How to Charge RV Batteries 4 Different Ways (Fastest Way Revealed)

One of the major advantages of camping in an RV is the ability to bring those comforts of home with you – electrical appliances, lights, gadgets, and so on.

And one of the main ways to power these electrical devices are with your RV’s house batteries.

This is why it’s essential to keep them charged and in good working condition.

So, let’s learn how to charge RV batteries using four different methods to ensure you never run out of power in your RV.

How Do I Charge My RV Battery?

An RV’s battery is charged when connected to a 120v electrical outlet (like a shore power pedestal at a campground), by an onboard or external generator, the motorhome or tow vehicles alternator, or solar power.

Let’s break these down in more detail and learn how to use each method to charge your RV’s batteries.

Power Converter/Charger

Arguably, the most common way to charge RV batteries is through its onboard power converter or a battery charger when hooked up to a 120v electrical outlet, like on a shore power pedestal at a campground, for example.

Related: Does an RV Battery Charge When Plugged Into Shore Power?

Charging RV batteries with shore power is an automatic process. Simply plug the RVs power cord into a 120v AC electrical outlet, and the batteries will start charging, if needed, through your RV’s power converter/charger. This converter converts the AC power to DC power so your batteries can charge properly.

You can also charge your RV’s 12-volt batteries with an external “smart” battery charger, which depending on the charger model, can shorten the amount of time it takes to charge your RV batteries on shore power. In fact, a high-amperage battery charger plugged into a 120v outlet is arguably the fastest way to charge an RV battery.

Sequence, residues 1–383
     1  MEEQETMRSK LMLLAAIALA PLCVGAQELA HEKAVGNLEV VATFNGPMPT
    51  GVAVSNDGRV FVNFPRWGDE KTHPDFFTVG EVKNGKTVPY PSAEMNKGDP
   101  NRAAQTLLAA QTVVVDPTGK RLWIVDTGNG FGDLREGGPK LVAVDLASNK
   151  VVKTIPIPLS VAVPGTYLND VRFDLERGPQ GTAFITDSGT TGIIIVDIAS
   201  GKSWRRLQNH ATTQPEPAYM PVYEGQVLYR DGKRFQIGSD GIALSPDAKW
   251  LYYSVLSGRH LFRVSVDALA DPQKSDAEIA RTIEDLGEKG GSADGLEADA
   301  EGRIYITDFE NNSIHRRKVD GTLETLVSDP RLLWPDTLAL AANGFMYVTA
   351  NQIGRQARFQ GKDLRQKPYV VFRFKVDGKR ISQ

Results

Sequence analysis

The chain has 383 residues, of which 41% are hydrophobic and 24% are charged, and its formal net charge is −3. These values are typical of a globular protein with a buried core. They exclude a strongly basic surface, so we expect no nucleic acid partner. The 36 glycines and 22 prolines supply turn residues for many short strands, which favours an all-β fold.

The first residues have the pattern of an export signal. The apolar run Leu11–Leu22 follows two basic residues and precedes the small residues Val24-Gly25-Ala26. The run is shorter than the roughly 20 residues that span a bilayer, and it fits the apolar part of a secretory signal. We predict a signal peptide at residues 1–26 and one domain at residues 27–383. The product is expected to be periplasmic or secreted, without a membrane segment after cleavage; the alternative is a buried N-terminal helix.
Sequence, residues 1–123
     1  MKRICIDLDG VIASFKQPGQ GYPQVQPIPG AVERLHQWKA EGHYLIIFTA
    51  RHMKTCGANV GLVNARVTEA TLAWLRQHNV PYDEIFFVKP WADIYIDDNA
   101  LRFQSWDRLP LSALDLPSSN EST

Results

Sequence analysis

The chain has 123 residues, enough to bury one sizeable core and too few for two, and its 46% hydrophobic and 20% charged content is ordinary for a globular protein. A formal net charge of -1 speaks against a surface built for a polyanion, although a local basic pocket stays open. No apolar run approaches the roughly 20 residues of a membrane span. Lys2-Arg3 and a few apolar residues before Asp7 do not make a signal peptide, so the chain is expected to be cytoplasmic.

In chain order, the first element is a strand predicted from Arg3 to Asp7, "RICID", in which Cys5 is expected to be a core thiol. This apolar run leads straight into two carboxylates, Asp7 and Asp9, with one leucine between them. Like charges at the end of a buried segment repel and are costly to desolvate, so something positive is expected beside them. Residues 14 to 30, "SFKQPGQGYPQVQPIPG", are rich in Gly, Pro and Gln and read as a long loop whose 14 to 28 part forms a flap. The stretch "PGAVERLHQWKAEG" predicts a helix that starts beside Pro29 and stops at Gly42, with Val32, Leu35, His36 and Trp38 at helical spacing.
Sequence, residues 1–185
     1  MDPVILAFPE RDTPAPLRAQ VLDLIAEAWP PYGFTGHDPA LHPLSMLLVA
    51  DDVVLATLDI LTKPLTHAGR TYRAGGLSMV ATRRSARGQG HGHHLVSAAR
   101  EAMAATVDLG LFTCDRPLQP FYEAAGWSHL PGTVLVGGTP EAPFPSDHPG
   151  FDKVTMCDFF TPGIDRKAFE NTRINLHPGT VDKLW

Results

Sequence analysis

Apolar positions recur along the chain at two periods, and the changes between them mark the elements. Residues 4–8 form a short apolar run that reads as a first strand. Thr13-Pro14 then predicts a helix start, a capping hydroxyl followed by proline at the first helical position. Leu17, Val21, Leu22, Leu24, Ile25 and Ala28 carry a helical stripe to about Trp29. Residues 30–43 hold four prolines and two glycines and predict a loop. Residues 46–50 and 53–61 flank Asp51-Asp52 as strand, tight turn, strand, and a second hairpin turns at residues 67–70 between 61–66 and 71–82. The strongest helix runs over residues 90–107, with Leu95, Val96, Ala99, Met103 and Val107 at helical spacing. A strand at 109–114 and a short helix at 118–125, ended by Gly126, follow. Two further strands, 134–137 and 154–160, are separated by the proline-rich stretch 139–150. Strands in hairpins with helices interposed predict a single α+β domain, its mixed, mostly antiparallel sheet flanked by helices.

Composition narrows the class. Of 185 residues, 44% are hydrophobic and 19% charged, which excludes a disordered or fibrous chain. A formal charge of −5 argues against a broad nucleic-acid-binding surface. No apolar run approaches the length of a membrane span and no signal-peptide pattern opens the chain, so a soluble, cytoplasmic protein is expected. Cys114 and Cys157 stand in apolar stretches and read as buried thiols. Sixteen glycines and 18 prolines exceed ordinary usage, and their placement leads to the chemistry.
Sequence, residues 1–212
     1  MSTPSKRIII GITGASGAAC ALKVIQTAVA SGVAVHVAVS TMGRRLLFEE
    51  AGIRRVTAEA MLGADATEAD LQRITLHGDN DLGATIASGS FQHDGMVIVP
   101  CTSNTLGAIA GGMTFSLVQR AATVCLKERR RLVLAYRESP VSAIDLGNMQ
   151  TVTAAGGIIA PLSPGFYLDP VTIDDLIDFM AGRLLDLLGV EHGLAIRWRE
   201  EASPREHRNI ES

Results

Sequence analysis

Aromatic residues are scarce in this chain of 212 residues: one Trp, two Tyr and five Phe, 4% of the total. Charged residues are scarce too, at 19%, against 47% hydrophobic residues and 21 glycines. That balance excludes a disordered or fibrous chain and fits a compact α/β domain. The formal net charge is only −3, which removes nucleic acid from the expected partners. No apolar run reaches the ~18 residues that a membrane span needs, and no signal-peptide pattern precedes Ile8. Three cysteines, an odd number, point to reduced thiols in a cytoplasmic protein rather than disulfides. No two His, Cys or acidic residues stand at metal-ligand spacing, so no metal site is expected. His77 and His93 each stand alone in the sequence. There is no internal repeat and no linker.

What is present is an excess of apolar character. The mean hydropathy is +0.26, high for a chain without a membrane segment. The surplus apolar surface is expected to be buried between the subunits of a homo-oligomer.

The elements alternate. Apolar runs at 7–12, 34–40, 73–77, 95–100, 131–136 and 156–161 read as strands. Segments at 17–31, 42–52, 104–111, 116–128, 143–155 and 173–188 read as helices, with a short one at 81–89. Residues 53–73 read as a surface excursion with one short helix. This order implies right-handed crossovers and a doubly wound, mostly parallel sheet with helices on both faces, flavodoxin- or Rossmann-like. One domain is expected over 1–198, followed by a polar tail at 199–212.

And don’t worry if your camper has 6v batteries, as they will be wired together in pairs to create 12 volts.

Important: We are talking about charging your RVs deep-cycle house batteries. Depending on the make and model of your motorhome, your RV battery system may (or may not) be designed to charge your chassis battery.

This method is also used to trickle charge your lead-acid battery while your RV is in storage for the winter. It’s crucial to trickle charge these types of batteries as it helps to avoid sulfation and extend their service life.

Because it’s a critical step to winterize your camper, let’s quickly look at how to trickle charge RV batteries in storage step-by-step:

Important: When working on or near lead-acid batteries, be sure to wear safety goggles and protective gloves.

  1. Remove the battery from your recreational vehicle
  2. Fully charge the battery
  3. Depending on the battery type, you may need to check the water levels and fill if needed (do not fill AGM batteries with water)
  4. Store the battery in a warm location, preferably indoors
  5. Attach a battery maintainer or battery tender to keep it charged during storage
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Generator

Another fast way to charge your RV batteries is with an RV generator, whether that be an onboard generator or a portable generator.

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Simply connect the RV power cable to the generator’s 30 amp/120-volt power outlet, just as you would a shore power pedestal, and your RV batteries will start recharging. Keep in mind, if your generator features a 220-volt outlet, you’ll need an adapter.